The district court granted summary judgment in favor of Firestone. Although the basis for the court's decision is somewhat unclear, it appears that the court found in Firestone's favor on two alternative grounds. First, the court apparently held that acceptance of the lease assignment put SBA in the position of being Firestone's "landlord," with the result that it could not divest Firestone of the lease by obtaining pre-lease mortgages for the sole purpose of foreclosing on them. Second, the court held that, even if SBA was technically not Firestone's landlord for purposes of lease termination, SBA had nevertheless rendered itself unable to terminate the lease because the covenant to recognize the lease contained in the assignment constituted an affirmance of the lease prior to the sale. On appeal, Reilly argues that the district court erred in applying Pennsylvania law regarding the ability of a mortgagee in possession to oust post-mortgage tenants, by disregarding the fact that a lease may not be affirmed by a mortgagee in possession prior to a foreclosure sale, and, in any event, by misconstruing the prerequisites for the finding of an affirmance.



We must first adjudicate the respective rights of a lessee and a purchaser at a judicial sale according to Pennsylvania law. The general rule in Pennsylvania is clear and is not disputed by the parties: a tenant for years loses his right of possession relative to a purchaser at a judicial sale when the foreclosure is on a mortgage recorded prior to the making of the lease. Prudential Insurance Co. of America v. Kaplan, 330 Pa. 33, 198 A. 68 (1938); Brown v. Aiken, 329 Pa. 566, 571-72, 198 A. 441, 444 (1938); Picone v. Mowat, 299 Pa.Super. 525, 445 A.2d 1253 (1982). Indeed, this rule is codified at Pa.Stat.Ann. tit. 68, Sec. 342 (Purdon 1905), suspended in part by Pa.R.Civ.P. 1455 and repealed in part by 42 Pa.Cons.Stat.Ann. Sec. 1722(b) (Purdon 1978),3 which provides:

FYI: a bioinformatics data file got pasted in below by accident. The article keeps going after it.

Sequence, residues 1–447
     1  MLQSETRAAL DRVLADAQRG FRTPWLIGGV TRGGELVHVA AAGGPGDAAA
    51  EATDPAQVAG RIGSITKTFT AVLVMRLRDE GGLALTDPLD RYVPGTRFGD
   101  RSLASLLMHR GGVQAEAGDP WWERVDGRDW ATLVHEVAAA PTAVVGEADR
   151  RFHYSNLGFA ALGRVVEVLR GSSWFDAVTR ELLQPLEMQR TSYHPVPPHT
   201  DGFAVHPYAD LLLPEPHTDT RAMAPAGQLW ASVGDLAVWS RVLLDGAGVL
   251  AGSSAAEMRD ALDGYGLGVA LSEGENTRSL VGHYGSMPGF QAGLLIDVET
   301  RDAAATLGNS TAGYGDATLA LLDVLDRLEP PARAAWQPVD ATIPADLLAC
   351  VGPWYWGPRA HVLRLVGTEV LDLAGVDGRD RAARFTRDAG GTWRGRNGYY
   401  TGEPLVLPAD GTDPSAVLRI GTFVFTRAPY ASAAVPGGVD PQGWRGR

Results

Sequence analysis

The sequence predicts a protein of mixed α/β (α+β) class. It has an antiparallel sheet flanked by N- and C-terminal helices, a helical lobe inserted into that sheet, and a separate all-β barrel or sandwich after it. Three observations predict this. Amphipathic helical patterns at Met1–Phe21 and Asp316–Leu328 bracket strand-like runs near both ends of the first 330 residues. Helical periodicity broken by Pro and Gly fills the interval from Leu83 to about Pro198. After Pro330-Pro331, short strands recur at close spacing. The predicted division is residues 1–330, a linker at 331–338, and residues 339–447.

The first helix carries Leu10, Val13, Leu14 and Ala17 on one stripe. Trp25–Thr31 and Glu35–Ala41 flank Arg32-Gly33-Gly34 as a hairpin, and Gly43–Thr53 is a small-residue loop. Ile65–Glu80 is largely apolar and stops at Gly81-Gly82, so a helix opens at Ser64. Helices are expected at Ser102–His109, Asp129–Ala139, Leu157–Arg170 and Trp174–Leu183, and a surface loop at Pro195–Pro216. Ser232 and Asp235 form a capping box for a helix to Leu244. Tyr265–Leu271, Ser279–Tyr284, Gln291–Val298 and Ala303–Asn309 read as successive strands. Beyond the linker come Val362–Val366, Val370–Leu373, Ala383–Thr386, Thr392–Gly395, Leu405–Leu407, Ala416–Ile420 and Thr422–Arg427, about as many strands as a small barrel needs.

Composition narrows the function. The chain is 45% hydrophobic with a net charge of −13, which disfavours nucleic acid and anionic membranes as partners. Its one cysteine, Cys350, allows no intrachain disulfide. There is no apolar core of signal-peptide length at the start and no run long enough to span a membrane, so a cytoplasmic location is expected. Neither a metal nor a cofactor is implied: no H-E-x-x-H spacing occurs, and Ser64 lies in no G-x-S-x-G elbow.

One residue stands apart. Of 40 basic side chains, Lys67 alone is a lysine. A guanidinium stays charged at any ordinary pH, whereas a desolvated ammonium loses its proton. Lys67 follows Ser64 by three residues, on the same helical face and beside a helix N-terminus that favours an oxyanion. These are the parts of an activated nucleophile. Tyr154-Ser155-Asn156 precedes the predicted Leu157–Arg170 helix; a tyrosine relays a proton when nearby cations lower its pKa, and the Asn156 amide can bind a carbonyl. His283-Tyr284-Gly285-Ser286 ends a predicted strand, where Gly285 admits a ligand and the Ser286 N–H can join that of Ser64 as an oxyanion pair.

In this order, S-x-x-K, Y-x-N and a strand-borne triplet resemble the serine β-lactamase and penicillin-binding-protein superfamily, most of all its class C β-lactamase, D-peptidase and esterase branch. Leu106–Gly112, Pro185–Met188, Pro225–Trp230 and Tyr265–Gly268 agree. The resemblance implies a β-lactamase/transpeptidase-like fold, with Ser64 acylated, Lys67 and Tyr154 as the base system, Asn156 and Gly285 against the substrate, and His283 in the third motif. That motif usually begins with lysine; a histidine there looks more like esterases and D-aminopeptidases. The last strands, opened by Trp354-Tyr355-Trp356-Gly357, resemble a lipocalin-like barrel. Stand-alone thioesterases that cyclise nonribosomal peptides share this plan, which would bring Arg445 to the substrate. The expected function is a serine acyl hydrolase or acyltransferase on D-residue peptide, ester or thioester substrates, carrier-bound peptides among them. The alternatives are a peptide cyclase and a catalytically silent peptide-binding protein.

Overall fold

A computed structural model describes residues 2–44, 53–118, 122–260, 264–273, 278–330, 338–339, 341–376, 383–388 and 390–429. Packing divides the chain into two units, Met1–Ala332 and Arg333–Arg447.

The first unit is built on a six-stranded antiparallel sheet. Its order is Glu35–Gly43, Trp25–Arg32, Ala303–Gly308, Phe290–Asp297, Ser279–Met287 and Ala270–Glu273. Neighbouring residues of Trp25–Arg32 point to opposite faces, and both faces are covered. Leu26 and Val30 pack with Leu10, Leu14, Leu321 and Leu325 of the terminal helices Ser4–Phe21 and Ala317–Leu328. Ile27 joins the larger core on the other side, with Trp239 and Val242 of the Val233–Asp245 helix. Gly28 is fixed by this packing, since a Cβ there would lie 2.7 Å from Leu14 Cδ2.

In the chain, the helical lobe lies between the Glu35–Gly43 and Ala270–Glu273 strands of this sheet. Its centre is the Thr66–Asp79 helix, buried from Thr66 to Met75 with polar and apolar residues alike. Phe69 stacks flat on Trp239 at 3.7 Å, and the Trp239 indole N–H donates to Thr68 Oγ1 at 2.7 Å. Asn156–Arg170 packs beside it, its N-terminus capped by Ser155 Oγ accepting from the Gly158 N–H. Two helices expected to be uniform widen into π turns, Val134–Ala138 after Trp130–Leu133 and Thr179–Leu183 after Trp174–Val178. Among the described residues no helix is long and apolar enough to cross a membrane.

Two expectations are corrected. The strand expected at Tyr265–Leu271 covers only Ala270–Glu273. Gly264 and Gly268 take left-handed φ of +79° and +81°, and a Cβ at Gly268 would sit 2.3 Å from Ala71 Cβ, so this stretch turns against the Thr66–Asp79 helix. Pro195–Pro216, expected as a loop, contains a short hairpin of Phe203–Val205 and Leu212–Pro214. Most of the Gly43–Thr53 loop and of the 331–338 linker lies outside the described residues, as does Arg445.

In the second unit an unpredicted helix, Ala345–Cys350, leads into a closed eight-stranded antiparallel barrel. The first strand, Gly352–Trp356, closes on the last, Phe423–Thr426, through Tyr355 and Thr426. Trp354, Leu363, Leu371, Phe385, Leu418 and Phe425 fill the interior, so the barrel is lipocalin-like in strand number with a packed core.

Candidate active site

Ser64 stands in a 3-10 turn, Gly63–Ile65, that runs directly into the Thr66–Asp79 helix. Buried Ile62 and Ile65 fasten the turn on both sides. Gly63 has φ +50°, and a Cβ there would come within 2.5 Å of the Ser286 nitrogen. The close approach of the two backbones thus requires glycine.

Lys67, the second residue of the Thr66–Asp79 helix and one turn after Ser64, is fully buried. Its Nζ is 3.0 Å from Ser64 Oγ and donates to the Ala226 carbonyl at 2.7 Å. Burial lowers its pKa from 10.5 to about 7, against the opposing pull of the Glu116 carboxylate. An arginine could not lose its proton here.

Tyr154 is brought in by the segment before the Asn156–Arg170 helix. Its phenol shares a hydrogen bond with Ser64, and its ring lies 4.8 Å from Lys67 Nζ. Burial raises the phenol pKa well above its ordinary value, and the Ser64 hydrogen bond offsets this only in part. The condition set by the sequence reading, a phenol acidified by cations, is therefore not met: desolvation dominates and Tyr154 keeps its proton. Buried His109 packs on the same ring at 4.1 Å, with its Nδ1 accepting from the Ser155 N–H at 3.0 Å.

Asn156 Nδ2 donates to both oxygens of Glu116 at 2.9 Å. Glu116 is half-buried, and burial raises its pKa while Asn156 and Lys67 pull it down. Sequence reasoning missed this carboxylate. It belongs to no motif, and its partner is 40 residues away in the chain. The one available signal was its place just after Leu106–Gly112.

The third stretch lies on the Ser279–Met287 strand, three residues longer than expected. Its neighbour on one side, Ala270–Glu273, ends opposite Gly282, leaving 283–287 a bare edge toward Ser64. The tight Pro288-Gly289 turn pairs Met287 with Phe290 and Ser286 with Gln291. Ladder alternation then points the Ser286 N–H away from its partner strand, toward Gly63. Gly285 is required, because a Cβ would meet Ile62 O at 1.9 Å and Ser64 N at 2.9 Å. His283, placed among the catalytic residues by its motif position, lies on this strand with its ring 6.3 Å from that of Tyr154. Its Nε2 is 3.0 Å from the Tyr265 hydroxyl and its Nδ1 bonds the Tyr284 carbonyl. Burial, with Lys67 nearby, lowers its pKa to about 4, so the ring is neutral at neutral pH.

The right of possession of a tenant for years shall be deemed paramount to that of a purchaser at a judicial sale if, and only if, the letting to him shall precede in point of date the entry of judgment ... on which such sale was had, and also shall precede the recording or registering of the mortgage ... through which by legal proceedings the purchaser derives title....


Id. (emphasis added). If this rule applies here, Reilly, who derives his rights from SBA, purchaser at the judicial sale, would (absent affirmance) be able to oust Firestone as tenant since SBA foreclosed on two mortgages, Miners and Wyoming, that were recorded prior to the making of the Firestone lease.


Firestone contends, and the district court found, however, that the present case falls under an exception to the general rule. According to Firestone and the district court, this case is controlled by the holding of Supreme Court of Pennsylvania in Raker v. Murphy Co., 358 Pa. 339, 58 A.2d 18 (1948). In Raker, the owners of property subject to a mortgage and a post-mortgage lease procured an assignment of the mortgage, foreclosed on it, and brought proceedings to evict the lessee. Since mortgagor and mortgagee were the same persons, "the mortgage foreclosure proceedings did not change in any way the ownership of the property." Id. at 343, 58 A.2d at 19. The court held that this "transparent device," undertaken for the sole purpose of ousting the tenant, would not operate under such circumstances to enable the owners, bound by a lease, to obtain the power to disaffirm it. The court stated:


[I]f a landlord, for the purpose of destroying the lease, himself purchases a paramount mortgage, forecloses on it, and then, on the claim that he has succeeded to the rights of the mortgagee, seeks to evict the lessee, neither law nor equity will give countenance to such an attempt but will protect the right of the tenant to retain undisturbed possession for the term of the lease ....


Id. at 343-44, 58 A.2d at 20.


As an initial matter, it appears that Raker is inapposite to the case at hand. When SBA obtained assignment of the pre-lease mortgages and when it foreclosed on them, it was not owner of the property in question, but was simply a mortgagee. Unlike the situation in Raker, the mortgage foreclosure proceedings here changed the ownership of the property: title passed from Roddy, which was in default on the mortgages, to SBA. SBA's institution of foreclosure proceedings and purchase of the property at the judicial sale was not a "transparent device" through which an owner attempted to oust its own tenant, but a routine legal action through which a secured creditor executed judgment after default. Moreover, SBA's procurement of the pre-lease mortgages prior to foreclosure had a valid purpose: the assignment put SBA, which had an interest in the property of nearly $1 million, in the best possible lien position when the proceeds of the judicial sale were distributed.